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4:57 PM Wed, Nov. 14th

Brewer proposes cut in Medicaid enrollment

Chris Carlson /The Associated Press<br>
Gov. Jan Brewer revealed plans Friday for dealing with a $763 million budget shortfall in the current fiscal year.

Chris Carlson /The Associated Press<br> Gov. Jan Brewer revealed plans Friday for dealing with a $763 million budget shortfall in the current fiscal year.

PHOENIX - Arizona Gov. Jan Brewer on Friday proposed to drop health care coverage for about 280,000 low-income adults next October to help balance the state budget, a move that if implemented would reduce the state's Medicaid program's enrollment by about one-fifth.

The $541 million of cuts to the state Medicaid program proposed Friday by the Republican governor came as she revealed plans for dealing with shortfalls of $763 million in the current fiscal year that ends June 30 and of $1.1 billion in the next one. Brewer's shortfall estimates are smaller than ones released previously by legislative budget aides.

Brewer relied most heavily on additional borrowing to close the midyear budget gap. but $1 billion of spending reductions provide the bulk of the budget-balancing steps in the fiscal year that begins July 1.

Besides Medicaid, the reductions would hit hardest at higher education. K-12 schools would get off relatively unscathed.

Citing the imminent end of federal stimulus that has propped up the state's spending for health and education, Brewer budget director John Arnold said the Medicaid reduction is necessary to avoid even deeper reductions throughout the rest of state government.

Brewer plans to ask the Republican-led Legislature for permission to roll back a voter-approved increase in enrollment in the Arizona Health Care Cost Containment Program.

The program's eligibility standard is above the federal Medicaid minimum. But reducing the state standard requires a waiver from a federal requirement imposed when the federal health care overhaul was approved last spring.

The waiver approach "is really a method of saving the underlying Medicaid program," Arnold said. "We are fearful if we are unable to get a waiver the entire Medicaid program will be at risk."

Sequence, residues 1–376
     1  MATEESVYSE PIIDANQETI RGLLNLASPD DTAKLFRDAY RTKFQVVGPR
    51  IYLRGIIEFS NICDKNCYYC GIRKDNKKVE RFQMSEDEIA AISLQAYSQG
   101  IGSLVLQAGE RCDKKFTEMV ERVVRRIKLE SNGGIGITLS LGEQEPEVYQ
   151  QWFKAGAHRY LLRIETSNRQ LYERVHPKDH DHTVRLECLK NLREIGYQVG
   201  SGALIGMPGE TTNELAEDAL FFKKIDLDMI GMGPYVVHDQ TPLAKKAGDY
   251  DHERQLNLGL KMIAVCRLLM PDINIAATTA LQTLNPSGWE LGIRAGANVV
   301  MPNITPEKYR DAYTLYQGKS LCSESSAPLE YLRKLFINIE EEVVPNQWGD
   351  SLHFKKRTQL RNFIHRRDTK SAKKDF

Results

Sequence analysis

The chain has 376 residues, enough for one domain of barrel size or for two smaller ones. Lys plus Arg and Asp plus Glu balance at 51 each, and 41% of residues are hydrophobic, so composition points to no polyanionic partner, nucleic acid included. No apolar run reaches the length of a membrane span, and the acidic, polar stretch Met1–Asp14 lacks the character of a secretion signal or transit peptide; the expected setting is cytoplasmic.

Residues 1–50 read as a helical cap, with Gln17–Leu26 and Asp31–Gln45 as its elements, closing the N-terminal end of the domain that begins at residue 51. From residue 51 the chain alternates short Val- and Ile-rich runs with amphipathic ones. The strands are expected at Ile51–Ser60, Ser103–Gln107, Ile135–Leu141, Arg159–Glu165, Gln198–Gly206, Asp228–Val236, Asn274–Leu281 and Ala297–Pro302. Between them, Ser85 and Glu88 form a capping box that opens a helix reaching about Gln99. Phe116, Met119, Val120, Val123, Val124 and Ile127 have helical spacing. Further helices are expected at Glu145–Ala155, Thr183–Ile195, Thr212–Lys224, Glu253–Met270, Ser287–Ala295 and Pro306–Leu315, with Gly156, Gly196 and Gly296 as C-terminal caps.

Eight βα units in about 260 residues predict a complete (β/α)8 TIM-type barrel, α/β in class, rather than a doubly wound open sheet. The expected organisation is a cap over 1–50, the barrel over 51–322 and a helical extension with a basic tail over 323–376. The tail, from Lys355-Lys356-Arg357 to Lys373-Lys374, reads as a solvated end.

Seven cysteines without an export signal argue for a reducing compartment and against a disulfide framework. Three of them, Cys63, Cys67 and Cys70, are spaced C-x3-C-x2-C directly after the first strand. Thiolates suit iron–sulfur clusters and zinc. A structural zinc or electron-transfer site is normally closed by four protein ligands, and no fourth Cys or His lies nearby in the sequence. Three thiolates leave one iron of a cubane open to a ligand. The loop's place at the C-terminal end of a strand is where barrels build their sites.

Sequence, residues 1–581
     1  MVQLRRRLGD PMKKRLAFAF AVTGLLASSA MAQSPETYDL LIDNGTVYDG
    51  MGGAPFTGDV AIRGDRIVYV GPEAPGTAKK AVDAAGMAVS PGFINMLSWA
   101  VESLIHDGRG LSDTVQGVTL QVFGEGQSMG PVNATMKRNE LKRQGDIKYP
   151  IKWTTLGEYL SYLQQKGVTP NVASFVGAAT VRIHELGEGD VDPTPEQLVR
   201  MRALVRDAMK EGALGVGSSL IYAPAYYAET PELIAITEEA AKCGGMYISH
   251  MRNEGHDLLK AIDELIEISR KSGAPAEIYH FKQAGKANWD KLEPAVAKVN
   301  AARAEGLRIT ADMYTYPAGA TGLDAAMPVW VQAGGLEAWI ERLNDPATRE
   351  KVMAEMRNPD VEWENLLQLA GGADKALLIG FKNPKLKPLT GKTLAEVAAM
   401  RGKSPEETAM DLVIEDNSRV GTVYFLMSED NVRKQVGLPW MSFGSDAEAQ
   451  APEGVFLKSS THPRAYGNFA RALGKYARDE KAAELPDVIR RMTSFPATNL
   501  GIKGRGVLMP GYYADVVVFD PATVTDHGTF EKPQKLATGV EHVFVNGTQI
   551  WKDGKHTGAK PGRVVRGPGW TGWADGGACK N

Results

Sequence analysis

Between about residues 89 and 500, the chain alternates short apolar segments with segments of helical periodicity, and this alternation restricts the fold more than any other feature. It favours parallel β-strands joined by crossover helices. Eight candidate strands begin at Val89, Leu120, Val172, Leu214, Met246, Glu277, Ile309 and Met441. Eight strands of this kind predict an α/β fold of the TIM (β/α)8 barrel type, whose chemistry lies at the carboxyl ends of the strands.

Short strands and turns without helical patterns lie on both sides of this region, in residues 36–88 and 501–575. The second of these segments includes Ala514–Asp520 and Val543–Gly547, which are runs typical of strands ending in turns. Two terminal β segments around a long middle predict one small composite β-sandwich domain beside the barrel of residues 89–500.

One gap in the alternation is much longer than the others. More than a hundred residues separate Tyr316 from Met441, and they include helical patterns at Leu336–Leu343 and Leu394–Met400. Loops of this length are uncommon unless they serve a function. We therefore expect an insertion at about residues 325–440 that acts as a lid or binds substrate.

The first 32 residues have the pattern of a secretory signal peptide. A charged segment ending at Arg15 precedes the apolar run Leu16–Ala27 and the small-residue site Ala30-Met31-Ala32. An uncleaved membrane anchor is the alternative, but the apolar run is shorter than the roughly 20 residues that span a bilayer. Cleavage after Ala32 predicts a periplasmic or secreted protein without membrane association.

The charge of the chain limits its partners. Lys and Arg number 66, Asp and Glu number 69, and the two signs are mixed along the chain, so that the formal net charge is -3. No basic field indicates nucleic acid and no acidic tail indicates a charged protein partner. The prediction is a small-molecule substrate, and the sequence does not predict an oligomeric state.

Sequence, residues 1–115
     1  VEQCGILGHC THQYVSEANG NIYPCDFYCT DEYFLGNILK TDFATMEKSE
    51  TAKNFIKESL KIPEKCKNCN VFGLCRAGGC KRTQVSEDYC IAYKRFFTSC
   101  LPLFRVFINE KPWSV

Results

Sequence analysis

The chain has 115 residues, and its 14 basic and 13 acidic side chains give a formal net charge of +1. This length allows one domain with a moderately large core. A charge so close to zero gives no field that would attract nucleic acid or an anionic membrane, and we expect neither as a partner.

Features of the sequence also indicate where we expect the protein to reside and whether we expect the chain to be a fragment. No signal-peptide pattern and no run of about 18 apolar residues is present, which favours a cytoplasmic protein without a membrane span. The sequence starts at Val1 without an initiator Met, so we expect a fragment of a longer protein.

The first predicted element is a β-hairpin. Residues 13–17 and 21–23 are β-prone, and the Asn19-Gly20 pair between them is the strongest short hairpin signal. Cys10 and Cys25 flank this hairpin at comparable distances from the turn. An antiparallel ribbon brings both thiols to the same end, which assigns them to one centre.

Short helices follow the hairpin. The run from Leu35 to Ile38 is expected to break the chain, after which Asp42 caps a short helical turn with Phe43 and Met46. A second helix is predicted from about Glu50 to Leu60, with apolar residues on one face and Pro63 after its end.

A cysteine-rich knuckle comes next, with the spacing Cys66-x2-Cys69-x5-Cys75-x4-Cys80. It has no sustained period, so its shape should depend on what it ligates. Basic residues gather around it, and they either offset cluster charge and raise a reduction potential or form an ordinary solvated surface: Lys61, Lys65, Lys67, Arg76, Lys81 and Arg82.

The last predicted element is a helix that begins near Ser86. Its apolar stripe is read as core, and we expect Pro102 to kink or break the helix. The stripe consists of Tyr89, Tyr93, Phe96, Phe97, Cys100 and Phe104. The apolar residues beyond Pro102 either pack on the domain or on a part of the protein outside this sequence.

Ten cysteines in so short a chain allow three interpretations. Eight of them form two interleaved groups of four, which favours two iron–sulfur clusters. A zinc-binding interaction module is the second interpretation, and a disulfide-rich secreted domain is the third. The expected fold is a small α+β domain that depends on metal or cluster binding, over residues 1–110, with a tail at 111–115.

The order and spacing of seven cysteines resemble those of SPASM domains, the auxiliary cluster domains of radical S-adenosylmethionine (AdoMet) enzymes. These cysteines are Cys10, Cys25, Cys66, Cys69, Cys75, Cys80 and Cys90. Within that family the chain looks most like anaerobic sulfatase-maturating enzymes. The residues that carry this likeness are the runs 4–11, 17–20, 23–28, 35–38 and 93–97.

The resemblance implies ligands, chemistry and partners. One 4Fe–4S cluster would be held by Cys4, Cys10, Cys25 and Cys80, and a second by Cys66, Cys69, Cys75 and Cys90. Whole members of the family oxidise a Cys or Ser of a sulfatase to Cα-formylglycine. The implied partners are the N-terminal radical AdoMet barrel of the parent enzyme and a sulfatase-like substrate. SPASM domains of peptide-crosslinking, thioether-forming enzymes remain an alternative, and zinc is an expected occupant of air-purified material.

Brewer a year ago proposed dropping coverage for approximately 300,000 people, a move supported by the Republican-led Legislature. She and lawmakers retreated, however, after the federal health care overhaul was enacted, blocking states from reducing Medicaid enrollment.

However, the flow of federal stimulus money that Arizona has used to prop up stimulus spending is now drying up.

The renewed proposed Medicaid reduction drew criticism from an advocate for social services.

"It's more abandonment of people who have real, legitimate needs. It's also bad for the economy," said Tim Schmaltz, coordinator of the Protecting Arizona's Family Coalition. "We don't have to do this. We have options. We could raise some revenues."

House Speaker Kirk Adams, R-Mesa, applauded Brewer "for having the courage to make some very tough decisions during a difficult economic time for our state. She's presented to us a good, solid framework as we begin our budgeting process. "

Steps previously used by Brewer and lawmakers to balance the current budget and previous ones during the crisis included spending cuts, a three-year sales tax increase, borrowing, raids on special-purpose funds and use of federal stimulus money.

Brewer, a Republican who was elected in November to a four-year term, won approval of the 1-cent sales tax increase in a May special election. She has indicated she won't seek another tax increase, which would face dogged opposition from fellow Republicans in the Legislature.

Brewer did not include any new tax increases in her budget proposal, and Arnold said planned business tax cuts to be announced in an economic development plan would have only a minimal effect on the state's next budget.

The next fiscal year would be the fourth in a row that Arizona has had to close shortfalls.

State revenue dropped by about a third because of the Great Recession and the housing industry's collapse. Meanwhile, demand for health care for low-income Arizonans surged.

Arizona already trimmed AHCCCS, reducing payments to providers and trimming services, including the Oct. 1 end of some transplant coverage.

The latest employment figures show Arizona had about 281,000 fewer jobs than it did at its peak employment of 2.7 million in December 2007.